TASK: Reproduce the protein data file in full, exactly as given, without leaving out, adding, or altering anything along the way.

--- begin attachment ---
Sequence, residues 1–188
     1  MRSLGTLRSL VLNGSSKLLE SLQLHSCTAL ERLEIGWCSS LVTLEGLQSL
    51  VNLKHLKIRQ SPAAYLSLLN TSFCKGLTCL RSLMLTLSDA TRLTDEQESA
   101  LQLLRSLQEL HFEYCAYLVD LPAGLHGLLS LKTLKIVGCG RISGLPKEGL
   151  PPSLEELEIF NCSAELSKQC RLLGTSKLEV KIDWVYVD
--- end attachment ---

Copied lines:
Sequence, residues 1–188
     1  MRSLGTLRSL VLNGSSKLLE SLQLHSCTAL ERLEIGWCSS LVTLEGLQSL
    51  VNLKHLKIRQ SPAAYLSLLN TSFCKGLTCL RSLMLTLSDA TRLTDEQESA
   101  LQLLRSLQEL HFEYCAYLVD LPAGLHGLLS LKTLKIVGCG RISGLPKEGL
   151  PPSLEELEIF NCSAELSKQC RLLGTSKLEV KIDWVYVD